HRW Criticises Sisi’s ‘Year of Abuse’, Egypt Says Report Is ‘Politicised’

A report released by Human Rights Watch on abuses during President Abdel Fattah al-Sisi’s first year in power is “politicised and lacks the simplest rules of accuracy and objectivity,” Egypt’s Foreign Ministry said on Tuesday.

The ministry condemned the report in the gest terms, criticising HRW’s “lack of credibility” in the process.

In its report, published on Monday, HRW accused Sisi and his cabinet of “erasing the human rights gains of the 2011 uprising that ousted the longtime ruler Hosni Mubarak.”

The report addressed human rights abuses it said Egypt witnessed throughout the past year, ranging from mass arrests to abuse in detentions, mass trials, military trials for civilians, death sentences and eviction of Sinai residents to make way for a border “buffer zone”.

HRW accused Sisi’s administration of “governing by decree in the absence of an elected parliament”, issuing a “raft of laws that severely curtailed civil and political rights” and of providing security forces with “near total impunity” for abuses.

“The Sisi government is acting as though to restore stability Egypt needs a dose of repression the likes of which it hasn’t seen for decades, but its treatment is killing the patient,” said Joe Stork, deputy Middle East and North Africa HRW director.

The organisation called on the United States and European governments to stop “overlooking Egyptian government abuses.”

The Egyptian government however said HRW lacks credibility among the Egyptian public as well as several countries due to its “consistent habit of promoting lies and false, baseless information based on inaccurate data which is not documented.”

“The subjective reports HRW has been in the habit of issuing on Egypt since the June 30 revolution confirm that this organisation directly targets the Egyptian people and their will to achieve their aspirations,” the Foreign Ministry statement read.

The ministry accused HRW of “leading a systematic campaign against Egypt,” and of “supporting terrorist operations and practices as well as those who commit violent acts.” It said the organisation is “suspiciously silent” in the face of “terrorist operations which target unarmed civilians, military men, army men and the judiciary.”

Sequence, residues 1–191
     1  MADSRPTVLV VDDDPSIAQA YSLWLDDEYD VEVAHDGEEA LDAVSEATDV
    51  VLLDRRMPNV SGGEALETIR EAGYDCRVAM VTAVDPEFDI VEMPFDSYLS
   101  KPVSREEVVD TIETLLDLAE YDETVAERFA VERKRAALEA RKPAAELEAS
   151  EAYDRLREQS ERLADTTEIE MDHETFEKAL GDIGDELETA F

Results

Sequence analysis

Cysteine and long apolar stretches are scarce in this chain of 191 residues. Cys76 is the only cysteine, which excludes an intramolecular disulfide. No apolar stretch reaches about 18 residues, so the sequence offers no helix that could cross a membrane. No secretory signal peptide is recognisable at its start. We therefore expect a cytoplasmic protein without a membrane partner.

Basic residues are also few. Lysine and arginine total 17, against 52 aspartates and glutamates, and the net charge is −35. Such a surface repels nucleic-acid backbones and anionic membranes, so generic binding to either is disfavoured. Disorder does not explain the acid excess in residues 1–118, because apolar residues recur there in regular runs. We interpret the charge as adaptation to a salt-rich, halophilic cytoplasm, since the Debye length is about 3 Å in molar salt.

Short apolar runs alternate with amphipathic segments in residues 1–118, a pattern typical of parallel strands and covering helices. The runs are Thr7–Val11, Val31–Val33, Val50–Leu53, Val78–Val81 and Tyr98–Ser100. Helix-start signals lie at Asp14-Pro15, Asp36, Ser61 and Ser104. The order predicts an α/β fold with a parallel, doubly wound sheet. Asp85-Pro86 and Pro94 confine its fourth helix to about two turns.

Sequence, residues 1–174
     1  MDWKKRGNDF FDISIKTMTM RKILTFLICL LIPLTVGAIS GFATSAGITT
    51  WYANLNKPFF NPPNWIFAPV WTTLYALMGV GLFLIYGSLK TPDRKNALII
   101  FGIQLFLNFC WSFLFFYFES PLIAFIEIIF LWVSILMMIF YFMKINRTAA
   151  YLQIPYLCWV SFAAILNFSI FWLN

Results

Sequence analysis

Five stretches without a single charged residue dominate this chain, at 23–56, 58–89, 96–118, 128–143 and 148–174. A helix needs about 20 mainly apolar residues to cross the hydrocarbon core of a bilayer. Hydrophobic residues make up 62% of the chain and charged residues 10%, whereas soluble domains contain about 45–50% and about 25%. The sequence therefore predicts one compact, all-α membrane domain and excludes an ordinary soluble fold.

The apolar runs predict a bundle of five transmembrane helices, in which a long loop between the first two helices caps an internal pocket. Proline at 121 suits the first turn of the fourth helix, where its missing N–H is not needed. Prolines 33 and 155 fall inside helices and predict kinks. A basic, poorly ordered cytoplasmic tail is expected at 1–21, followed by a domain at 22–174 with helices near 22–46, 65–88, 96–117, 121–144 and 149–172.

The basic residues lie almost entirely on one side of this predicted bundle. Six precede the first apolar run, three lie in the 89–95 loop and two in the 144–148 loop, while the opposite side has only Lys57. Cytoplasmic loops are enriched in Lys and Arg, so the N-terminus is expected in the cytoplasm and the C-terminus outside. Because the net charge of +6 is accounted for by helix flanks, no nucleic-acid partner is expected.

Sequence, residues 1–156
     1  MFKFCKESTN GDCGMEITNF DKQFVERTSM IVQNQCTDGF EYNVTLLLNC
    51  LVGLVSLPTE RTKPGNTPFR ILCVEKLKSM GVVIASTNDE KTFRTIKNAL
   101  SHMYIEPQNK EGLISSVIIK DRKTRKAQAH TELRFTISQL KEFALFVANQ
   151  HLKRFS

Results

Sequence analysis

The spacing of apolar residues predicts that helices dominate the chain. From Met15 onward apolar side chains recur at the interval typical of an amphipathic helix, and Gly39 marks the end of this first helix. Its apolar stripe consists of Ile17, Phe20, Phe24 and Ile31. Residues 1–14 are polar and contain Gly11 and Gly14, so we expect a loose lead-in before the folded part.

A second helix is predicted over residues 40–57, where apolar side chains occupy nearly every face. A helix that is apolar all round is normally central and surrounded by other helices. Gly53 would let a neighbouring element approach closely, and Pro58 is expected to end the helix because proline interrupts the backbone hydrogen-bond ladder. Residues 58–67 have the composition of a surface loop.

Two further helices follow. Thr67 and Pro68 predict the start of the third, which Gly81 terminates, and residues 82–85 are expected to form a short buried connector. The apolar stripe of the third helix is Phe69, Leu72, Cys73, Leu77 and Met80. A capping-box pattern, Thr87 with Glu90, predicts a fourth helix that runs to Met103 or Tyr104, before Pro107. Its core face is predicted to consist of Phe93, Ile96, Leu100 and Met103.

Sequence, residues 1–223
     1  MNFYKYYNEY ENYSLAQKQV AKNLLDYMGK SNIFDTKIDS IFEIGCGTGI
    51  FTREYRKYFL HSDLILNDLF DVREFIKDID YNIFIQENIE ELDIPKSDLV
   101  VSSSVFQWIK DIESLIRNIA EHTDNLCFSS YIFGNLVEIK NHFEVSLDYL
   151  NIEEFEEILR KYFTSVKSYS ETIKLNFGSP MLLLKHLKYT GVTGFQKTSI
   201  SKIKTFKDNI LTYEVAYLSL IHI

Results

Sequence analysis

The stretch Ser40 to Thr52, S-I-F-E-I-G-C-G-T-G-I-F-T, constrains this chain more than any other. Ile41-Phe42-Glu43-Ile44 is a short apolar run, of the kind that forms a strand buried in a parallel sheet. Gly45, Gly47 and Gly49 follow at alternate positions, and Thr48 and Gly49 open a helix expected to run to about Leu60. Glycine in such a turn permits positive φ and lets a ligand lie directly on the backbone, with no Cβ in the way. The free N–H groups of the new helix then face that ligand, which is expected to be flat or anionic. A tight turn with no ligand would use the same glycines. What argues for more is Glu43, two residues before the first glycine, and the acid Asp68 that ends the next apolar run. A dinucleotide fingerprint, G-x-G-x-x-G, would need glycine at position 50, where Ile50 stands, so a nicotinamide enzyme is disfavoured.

HRW is working in line with an “agenda which contradicts with the interests of the Egyptian people,” the ministry said.

HRW addressed in its report “insurgent” attacks in North Sinai, which rose significantly since the military ouster of Islamist president Mohamed Mursi in July 2013, following mass protests against his rule.

“Attacks on police and government infrastructure have also become common in mainland Egypt,” the report read. “The government has responded by clearing a kilometer-wide buffer zone on the border with the Gaza Strip, trying thousands of civilians in military courts, and arresting those who dissent.”

Egypt has long been critical of reports issued by HRW on its human rights record.

In August 2014, HRW Executive Director Kenneth Roth and Middle East and North Africa Director Sarah Leah Whitson were denied entry at the Cairo International Airport and forced to fly back.

Roth and Whitson were travelling to Cairo to attend the release of an HRW report on the forcible dispersal of two pro-Mursi encampments in 2013 which the organisation described as “the most serious incident of mass unlawful killings in modern Egyptian history.”

Egypt’s Ministry of Interior said that the HRW delegation did not secure an entry visa into Egypt.

Source : Aswat Masriya